Any creditworthy mortgage shopper is practically guaranteed to get a better rate today than they could have at the start of the year.
Fixed mortgage rates have been on a ski slope this year, sliding to two-year lows this month.
If you’re wondering how far they’ve tumbled, here’s a look. These were the best widely available 5-year fixed rates, as of January 1 and yesterday:
Notice the material interest cost savings of today’s lower rates. That savings has a very real and positive economic impact, boosting aggregate consumption by tens of billions of dollars over time.
Mortgage Rates Falling More Than Yields
Plummeting bond yields almost always take fixed mortgage rates down with them. But these days, fixed rates are dipping faster than yields.
Since January 1, the 5-year bond yield has dropped 71 bps to a two-and-a-half-year low of 1.18% (as of Wednesday). But 5-year fixed rates are down 15-39 bps more than that, depending on the mortgage type.
Much of that is lenders playing catch-up since they took so long to cut fixed rates after the November yield slide. Some of it is lenders getting more anxious to meet targets as fiscal year-ends approach.
How Low Can They Go?
Canadian rates are following U.S. yields lower as trade wars escalate economic uncertainty. Below the border, the U.S. 30-year Treasury sunk to a record low of 1.90% on Wednesday, while European benchmarks also fell to levels never seen before, according to Bloomberg.
At the moment, few can see the bottom. “Anyone who is handing you a hard forecast in that scenario is throwing darts,” Wells Fargo analyst Michael Schumacher told CNBC.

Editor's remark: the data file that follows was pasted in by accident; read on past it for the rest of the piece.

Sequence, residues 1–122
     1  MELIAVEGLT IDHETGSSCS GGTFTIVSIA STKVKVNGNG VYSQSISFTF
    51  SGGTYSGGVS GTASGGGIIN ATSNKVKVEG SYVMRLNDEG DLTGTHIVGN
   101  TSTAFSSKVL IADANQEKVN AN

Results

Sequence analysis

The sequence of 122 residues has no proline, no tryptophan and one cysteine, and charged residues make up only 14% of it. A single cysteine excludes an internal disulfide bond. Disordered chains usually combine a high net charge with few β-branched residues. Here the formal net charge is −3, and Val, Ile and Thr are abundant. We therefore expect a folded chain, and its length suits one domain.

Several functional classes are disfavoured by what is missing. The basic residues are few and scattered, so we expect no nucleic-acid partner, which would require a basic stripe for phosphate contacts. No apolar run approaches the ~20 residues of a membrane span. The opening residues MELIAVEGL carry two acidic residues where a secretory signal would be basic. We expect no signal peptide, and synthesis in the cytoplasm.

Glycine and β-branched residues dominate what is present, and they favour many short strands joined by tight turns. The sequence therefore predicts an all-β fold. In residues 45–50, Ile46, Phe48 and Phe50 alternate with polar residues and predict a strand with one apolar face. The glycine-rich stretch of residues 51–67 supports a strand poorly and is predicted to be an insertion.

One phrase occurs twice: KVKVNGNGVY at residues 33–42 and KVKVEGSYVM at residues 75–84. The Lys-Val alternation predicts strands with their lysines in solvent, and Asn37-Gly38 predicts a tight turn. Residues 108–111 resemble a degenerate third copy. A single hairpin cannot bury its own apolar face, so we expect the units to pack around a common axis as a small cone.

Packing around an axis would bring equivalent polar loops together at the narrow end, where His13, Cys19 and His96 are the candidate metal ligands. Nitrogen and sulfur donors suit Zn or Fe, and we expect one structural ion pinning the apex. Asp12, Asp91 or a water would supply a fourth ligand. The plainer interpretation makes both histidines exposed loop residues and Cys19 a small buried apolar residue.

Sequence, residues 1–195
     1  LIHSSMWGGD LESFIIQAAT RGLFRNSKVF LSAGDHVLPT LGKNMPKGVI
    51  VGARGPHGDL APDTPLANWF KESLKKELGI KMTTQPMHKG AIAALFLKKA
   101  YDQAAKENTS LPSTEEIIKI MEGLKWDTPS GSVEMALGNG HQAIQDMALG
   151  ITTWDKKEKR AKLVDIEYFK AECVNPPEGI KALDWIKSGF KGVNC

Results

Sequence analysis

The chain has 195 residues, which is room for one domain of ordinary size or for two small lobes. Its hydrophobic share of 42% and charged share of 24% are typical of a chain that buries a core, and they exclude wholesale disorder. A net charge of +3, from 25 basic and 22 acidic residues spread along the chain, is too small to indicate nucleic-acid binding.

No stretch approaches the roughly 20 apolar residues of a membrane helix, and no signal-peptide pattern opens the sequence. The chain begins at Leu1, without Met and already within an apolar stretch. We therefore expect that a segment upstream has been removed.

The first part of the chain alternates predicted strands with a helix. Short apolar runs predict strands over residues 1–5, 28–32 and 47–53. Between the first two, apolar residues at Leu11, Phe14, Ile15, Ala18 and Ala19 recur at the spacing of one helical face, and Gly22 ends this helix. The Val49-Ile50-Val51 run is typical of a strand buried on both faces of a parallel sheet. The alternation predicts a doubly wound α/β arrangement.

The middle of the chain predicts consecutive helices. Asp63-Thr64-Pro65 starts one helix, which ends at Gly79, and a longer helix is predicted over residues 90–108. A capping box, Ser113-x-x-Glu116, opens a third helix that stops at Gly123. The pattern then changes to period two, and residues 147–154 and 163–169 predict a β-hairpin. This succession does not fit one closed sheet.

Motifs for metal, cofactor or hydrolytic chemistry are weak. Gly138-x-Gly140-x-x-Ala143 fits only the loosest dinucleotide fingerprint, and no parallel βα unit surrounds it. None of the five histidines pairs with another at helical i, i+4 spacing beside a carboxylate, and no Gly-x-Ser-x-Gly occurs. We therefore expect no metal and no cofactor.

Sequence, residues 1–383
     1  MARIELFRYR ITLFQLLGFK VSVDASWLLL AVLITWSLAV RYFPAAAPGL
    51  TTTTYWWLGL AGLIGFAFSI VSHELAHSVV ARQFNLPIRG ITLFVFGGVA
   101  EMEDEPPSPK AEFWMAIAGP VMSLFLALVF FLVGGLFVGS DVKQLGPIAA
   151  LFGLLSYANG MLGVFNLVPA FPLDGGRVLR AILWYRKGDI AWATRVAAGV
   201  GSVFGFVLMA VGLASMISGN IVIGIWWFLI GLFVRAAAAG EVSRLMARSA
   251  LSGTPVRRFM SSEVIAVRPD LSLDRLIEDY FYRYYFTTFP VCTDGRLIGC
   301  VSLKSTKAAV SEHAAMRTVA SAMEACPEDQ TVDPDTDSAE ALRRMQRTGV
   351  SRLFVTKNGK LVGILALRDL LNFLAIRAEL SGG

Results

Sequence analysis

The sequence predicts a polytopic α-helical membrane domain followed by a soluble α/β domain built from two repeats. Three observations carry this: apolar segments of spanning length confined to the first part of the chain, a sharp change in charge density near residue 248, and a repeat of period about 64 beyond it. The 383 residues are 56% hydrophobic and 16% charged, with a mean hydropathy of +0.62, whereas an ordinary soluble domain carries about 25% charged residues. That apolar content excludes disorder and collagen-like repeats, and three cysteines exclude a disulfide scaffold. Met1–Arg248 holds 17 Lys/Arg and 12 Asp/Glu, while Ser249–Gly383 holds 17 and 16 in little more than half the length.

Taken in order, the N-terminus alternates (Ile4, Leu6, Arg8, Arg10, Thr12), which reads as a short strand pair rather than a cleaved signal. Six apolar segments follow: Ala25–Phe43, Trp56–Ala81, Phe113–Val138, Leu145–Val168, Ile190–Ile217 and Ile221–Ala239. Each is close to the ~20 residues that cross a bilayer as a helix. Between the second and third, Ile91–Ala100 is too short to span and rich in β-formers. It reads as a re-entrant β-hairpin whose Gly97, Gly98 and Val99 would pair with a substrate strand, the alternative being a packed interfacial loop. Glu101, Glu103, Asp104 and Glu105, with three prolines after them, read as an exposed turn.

Meanwhile, that oft-mentioned recession indicator called the yield curve just keeps on inverting. Long-term rates are now further below short-term rates than they have been in a dozen years. But we really need to see stumbling consumer confidence, retail sales, stock prices and/or oil prices to presage another major nosedive in yields. Albeit, our 5-year bond could easily fall below 1.00% without such confirmation. That would push Canada’s lowest 5-year fixed rates amazingly close to 2%, a number some pundits in 2016 suggested we might not see again.
As for traders, they’re pricing in another U.S. Federal Reserve cut next month and 100 bps of cuts in 2020. As noted here before, if the Fed lowers its key rate 50 more bps, the Bank of Canada will be widely expected to embark on its own rate cutting cycle. If the Fed cuts just 25 bps from here, the timing of the next BoC cut is more of a toss-up.